PubMed | Parc Tauli Health Corporation, Reina Sofia Hospital Complex, University of Barcelona, Valencian Institute of Oncology and 13 more.
Type: Journal Article | Journal: The oncologist | Year: 2016
In the neoadjuvant setting, changes in the proliferation marker Ki67 are associated with primary endocrine treatment efficacy, but its value as a predictor of response to chemotherapy is still controversial.We analyzed 262 patients with centralized basal Ki67 immunohistochemical evaluation derived from 4 GEICAM (Spanish Breast Cancer Group) clinical trials of neoadjuvant chemotherapy for breast cancer. The objective was to identify the optimal threshold for Ki67 using the receiver-operating characteristic curve method to maximize its predictive value for chemotherapy benefit. We also evaluated the predictive role of the defined Ki67 cutoffs for molecular subtypes defined by estrogen receptor (ER) and human epidermal growth factor receptor 2 (HER2).A basal Ki67 cutpoint of 50% predicted pathological complete response (pCR). Patients with Ki67 >50% achieved a pCR rate of 40% (36 of 91) versus a pCR rate of 19% in patients with Ki67 50% (33 of 171) (p = .0004). Ki67 predictive value was especially relevant in ER-HER2- and ER-HER2+ patients (pCR rates of 42% and 64%, respectively, in patients with Ki67 >50% versus 15% and 45%, respectively, in patients with Ki67 50%; p = .0337 and .3238, respectively). Both multivariate analyses confirmed the independent predictive value of the Ki67 cutpoint of 50%.Basal Ki67 proliferation index >50% should be considered an independent predictive factor for pCR reached after neoadjuvant chemotherapy, suggesting that cell proliferation is a phenomenon closely related to chemosensitivity. These findings could help to identify a group of patients with a potentially favorable long-term prognosis.The use of basal Ki67 status as a predictive factor of chemotherapy benefit could facilitate the identification of a patient subpopulation with high probability of achieving pathological complete response when treated with primary chemotherapy, and thus with a potentially favorable long-term prognosis.
PubMed | Clemenshospital, Valencian Institute of Oncology, University of Bern, Centrum Onkologii Instytut im Marii Sklodowskej and 14 more.
Type: Journal Article | Journal: Radiotherapy and oncology : journal of the European Society for Therapeutic Radiology and Oncology | Year: 2016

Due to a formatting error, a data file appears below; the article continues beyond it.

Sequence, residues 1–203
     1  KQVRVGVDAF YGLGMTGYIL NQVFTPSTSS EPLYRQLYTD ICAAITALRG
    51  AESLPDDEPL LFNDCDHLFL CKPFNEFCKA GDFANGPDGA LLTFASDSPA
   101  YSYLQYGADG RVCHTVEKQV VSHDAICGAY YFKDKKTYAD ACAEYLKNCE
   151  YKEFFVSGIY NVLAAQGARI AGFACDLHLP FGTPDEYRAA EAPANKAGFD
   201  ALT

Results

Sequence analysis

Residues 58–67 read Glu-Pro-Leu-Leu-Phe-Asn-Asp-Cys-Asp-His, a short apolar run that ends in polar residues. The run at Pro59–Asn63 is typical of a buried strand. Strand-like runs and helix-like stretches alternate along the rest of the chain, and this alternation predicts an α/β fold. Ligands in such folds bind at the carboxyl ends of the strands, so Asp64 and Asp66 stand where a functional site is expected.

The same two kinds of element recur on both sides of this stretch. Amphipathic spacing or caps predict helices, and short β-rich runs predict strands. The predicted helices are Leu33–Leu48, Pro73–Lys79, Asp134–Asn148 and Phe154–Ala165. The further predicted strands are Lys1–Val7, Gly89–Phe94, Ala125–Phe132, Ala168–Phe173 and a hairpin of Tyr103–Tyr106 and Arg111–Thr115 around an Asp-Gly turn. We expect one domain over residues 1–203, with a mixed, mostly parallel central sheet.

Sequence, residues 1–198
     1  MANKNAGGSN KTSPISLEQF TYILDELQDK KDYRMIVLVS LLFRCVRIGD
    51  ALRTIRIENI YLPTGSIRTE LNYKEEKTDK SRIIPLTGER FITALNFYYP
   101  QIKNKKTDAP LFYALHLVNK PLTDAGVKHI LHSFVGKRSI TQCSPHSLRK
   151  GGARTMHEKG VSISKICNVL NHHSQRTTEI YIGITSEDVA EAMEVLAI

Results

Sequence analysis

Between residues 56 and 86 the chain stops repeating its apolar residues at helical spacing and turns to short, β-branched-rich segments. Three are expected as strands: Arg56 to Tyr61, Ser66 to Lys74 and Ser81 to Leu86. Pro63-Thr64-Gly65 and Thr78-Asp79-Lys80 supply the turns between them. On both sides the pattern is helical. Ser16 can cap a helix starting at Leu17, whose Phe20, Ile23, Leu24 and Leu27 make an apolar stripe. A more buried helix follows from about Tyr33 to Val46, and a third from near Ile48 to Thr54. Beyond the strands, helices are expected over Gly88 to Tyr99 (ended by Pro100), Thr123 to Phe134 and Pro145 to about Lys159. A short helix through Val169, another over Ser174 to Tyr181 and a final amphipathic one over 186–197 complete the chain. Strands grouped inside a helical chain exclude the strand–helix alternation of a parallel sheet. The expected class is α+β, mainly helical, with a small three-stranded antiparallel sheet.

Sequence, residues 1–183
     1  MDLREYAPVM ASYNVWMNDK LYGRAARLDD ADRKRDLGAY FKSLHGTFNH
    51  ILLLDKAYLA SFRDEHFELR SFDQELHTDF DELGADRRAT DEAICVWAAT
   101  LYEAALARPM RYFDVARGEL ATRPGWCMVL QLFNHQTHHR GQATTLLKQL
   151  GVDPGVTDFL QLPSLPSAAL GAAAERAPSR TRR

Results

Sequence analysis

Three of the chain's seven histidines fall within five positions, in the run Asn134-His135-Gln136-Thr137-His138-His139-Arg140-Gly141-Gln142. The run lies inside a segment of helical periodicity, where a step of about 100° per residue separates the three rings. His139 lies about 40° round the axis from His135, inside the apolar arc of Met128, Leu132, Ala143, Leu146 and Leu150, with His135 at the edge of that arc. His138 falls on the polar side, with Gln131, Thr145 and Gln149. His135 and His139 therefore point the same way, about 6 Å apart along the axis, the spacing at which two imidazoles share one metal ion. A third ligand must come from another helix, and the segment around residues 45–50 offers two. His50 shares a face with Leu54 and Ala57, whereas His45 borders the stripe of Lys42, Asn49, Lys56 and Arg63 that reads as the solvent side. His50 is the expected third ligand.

To compare early side effects and patient compliance of accelerated partial breast irradiation (APBI) with multicatheter brachytherapy to external beam whole breast irradiation (WBI) in a low-risk group of patients with breast cancer.Between April 2004 and July 2009, 1328 patients with UICC stage 0-IIA breast cancer were randomized to receive WBI with 50Gy and a boost of 10Gy or APBI with either 32.0Gy/8 fractions, or 30.1Gy/7 fractions (HDR-brachytherapy), or 50Gy/0.60-0.80Gy per pulse (PDR-brachytherapy). This report focuses on early side-effects and patient compliance observed in 1186 analyzable patients. ClinicalTrials.gov identifier: NCT00402519.Patient compliance was excellent in both arms. Both WBI and APBI were well tolerated with moderate early side-effects. No grade 4 toxicity had been observed. Grade 3 side effects were exclusively seen for early skin toxicity (radiation dermatitis) with 7% vs. 0.2% (p<0.0001), and breast infection with 0% vs. 0.2% (p=n.s.) for patients treated with WBI and APBI. The incidence of grades 1-2 early side effects for WBI and APBI was 86% vs. 21% (p<0.0001) for skin toxicity, 2% vs. 20% (p<0.0001) for mild hematoma, and 2% vs. 5% (p=0.01) for mild breast infection rates, respectively. No differences had been found regarding grades 1-2 early breast pain (26% vs. 29%, p=0.23).APBI with interstitial multicatheter brachytherapy was tolerated very well and dramatically reduced early skin toxicity in comparison to standard WBI.
Monk B.J.,Creighton University |
Kaye S.B.,Foundation Medicine |
Poveda A.,Valencian Institute of Oncology |
Herzog T.J.,Columbia University |
And 6 more authors.
Gynecologic Oncology | Year: 2014
Objective This study investigated the relationship between 13 proteins involved in DNA damage and the outcomes of patients with recurrent ovarian cancer (ROC). Patients and methods Immunohistochemistry staining was performed in 114 diagnostic samples from patients with serous ROC who participated in the OVA-301 study, which compared pegylated liposomal doxorubicin (PLD) with a combination of trabectedin plus PLD. Percentage of positive cells for every marker was calculated and correlated with overall response rate (ORR), progression-free survival (PFS) and overall survival (OS). Results A statistically significant correlation between high levels of nibrin and lower ORR (P = 0.03), shorter PFS (P = 0.007) and shorter OS (P = 0.01) was observed. After stratification, in patients with platinum-sensitive disease treated with the combination of trabectedin plus PLD, high levels of nibrin correlated with lower ORR (P = 0.01) and shorter PFS (P = 0.02). A better clinical outcome (ORR, PFS and OS) was also associated to low levels of CHK2 in trabectedin plus PLD treated patients. No correlations were found in PLD-treated patients. According to the results of a multivariate analysis, there was a statistically significant correlation between high nibrin (P = 0.001) and low BRCA2 levels (P = 0.03) and a worse PFS, and between high nibrin levels and a worse OS (P = 0.006). Conclusion Our results indicate that high nibrin expression seems to be associated with a worse clinical outcome in serous ROC, particularly in patients treated with the combination trabectedin plus PLD. Prospective studies to determine clinical usefulness of nibrin as a possible biomarker in other series of patients with ROC are warranted. © 2013 Elsevier Inc.